Cockburn has spent close to a quarter of a century in the Middle East, first as a correspondent for the London Financial Times and later reporting for the Independent. He was co-author, with his brother Andrew, of the 1999 book Out of the Ashes: The Resurrection of Saddam Hussein, one of the best works on Iraq in the 1990s, a time when few journalists paid the country much attention. Even during the worst violence of the mid to late 2000s, he was one of the few journalists who, at great personal risk, ventured out into Iraqi streets, shops and homes, reporting with what must have been a depressing frequency on the awful bloodletting of those years.

All this makes Cockburn as good an observer and analyst as any on ISIS, and his book is, overall, a welcome contribution, useful not only for its specifics about ISIS but also for the broader insights it unveils in the process. Cockburn never spares ISIS, but nor does he shy away from identifying actions and policies of the United States and its allies that have handed the organisation opportunities it has so cleverly exploited.

A few of the scrutinies and assessments in The Rise of Islamic State are worth citing and dwelling on to illustrate the book’s style and some of its arguments.

To begin with, Cockburn takes us back a few steps. “The ‘war on terror’ has failed,” he writes, “because it did not target the jihadi movement as a whole and, above all, was not aimed at Saudi Arabia and Pakistan, the two countries that fostered jihadism as a creed and a movement.” This is a central theme of his book: the view that the “war on terror” and its various manifestations have failed or, indeed, have done more harm than good by driving people into the embrace of Islamic extremists. It is a theme he returns to many times.

He recognises that Saudi Arabia and Pakistan were quarantined from the anti-terrorism standards applied to regional states less closely allied to Washington. Yet he tends to underemphasise the domestic settings in which Pakistan’s then-president, Pervéz Musharraf, and the Saudi monarchy operated. In the days following 11 September 2001, Washington gave Musharraf effectively no choice but to cooperate with the US-led war in Afghanistan; in fact, according to Musharraf, the only alternative offered by an American official was that Pakistan would be “bombed back to the stone age.” Yet a swathe of Musharraf’s support base, both among the Pakistani elite and in the population at large, resented the US intervention in Afghanistan, and even more so the fact that Pakistan was dragged into it. Musharraf would probably argue, rightly or wrongly, that in this case he had no choice but to be a political hypocrite.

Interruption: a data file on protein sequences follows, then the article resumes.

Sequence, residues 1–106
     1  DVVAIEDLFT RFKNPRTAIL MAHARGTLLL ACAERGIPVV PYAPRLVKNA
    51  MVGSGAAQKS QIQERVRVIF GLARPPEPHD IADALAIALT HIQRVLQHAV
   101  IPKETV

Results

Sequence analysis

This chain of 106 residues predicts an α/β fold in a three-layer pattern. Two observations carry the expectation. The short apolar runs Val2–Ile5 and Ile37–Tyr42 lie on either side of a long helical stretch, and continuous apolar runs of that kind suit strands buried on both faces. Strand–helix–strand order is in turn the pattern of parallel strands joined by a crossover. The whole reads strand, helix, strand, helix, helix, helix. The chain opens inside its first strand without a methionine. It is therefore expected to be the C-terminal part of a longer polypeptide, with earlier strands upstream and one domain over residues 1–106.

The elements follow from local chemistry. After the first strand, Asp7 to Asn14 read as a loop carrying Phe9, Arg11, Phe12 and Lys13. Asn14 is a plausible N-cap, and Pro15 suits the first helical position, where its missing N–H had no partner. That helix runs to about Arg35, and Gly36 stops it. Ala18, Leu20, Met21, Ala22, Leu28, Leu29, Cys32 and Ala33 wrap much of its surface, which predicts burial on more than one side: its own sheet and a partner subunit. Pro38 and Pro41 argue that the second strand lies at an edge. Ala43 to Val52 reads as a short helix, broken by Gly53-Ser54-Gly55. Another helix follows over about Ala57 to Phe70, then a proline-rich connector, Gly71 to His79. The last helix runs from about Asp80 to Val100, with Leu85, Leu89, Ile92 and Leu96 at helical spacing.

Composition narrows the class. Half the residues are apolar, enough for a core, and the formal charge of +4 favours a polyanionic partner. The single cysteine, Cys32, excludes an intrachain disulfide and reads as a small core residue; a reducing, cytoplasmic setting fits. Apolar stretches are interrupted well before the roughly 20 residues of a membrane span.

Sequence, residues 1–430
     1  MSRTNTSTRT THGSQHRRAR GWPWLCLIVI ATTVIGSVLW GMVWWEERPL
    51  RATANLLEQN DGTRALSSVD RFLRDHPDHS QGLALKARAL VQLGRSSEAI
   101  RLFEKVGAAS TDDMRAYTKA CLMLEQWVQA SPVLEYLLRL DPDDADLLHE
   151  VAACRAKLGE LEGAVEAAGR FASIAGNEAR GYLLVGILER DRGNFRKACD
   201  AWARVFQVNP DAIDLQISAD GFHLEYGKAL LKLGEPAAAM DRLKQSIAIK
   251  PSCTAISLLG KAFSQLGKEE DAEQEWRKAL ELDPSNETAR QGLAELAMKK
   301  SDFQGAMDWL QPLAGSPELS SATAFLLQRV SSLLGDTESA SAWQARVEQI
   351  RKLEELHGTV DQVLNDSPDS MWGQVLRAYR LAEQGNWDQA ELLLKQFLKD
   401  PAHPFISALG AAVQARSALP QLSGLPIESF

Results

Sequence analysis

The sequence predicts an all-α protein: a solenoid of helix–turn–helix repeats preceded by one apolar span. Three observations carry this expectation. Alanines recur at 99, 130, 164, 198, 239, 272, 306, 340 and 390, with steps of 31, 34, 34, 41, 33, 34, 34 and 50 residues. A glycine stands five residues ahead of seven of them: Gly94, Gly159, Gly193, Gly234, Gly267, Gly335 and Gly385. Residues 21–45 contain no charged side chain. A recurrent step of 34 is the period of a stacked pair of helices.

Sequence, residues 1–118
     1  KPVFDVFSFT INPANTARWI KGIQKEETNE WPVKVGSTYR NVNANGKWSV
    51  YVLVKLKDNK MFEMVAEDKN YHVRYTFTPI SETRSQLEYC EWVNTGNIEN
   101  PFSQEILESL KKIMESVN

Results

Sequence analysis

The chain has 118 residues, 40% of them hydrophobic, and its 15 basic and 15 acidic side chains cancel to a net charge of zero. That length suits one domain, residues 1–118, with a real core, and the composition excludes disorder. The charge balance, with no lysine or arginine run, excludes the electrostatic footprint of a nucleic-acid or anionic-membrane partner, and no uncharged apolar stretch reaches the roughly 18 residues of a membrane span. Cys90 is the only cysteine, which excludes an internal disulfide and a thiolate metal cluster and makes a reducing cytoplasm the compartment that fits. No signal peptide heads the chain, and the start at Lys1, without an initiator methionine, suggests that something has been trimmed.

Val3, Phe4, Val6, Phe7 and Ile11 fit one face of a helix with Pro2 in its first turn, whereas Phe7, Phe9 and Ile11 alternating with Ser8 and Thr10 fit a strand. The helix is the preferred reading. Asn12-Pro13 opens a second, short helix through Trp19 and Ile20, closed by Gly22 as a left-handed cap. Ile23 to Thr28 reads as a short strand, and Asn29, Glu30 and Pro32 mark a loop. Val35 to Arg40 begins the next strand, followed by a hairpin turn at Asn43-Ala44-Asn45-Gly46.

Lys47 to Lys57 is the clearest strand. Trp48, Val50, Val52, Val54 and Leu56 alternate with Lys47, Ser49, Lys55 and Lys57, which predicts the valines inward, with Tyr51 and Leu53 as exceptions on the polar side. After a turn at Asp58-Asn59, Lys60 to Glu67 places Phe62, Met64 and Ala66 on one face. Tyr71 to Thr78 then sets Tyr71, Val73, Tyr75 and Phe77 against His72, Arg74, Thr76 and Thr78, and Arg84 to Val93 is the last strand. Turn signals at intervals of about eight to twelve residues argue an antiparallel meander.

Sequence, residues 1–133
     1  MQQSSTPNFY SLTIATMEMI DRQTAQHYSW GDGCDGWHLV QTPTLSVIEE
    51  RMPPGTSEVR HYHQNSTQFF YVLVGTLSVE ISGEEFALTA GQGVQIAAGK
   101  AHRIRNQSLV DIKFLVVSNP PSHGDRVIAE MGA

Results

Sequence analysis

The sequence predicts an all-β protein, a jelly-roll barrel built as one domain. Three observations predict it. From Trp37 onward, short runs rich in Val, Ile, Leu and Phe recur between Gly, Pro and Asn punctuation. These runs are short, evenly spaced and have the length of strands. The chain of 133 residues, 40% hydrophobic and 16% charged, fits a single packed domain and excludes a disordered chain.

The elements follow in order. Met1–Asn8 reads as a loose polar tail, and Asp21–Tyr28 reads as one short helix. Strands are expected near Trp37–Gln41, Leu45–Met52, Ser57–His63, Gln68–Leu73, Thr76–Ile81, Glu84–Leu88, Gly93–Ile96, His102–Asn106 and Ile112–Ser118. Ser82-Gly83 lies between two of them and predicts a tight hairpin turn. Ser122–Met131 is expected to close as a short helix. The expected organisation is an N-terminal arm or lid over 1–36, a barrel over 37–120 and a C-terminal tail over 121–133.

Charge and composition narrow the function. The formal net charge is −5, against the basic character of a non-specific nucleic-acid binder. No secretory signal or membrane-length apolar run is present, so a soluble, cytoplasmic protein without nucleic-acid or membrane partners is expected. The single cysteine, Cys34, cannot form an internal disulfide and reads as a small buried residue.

The Saudi royal family also deserves some of the criticism Cockburn directs at it, but again the realities of Saudi politics get too little attention. The Al Saud do indeed head a wealthy, oil-rich state. But money flowing from the kingdom to extremists is not itemised in the national budget and managed by officials; it is mostly private money, or funds secretly siphoned from state or public sources, sent surreptitiously by sympathetic individuals and groups. Cockburn seems to assume that the Saudis can control every branch of their extensive royal family and all the individuals across their complex political system. No state can.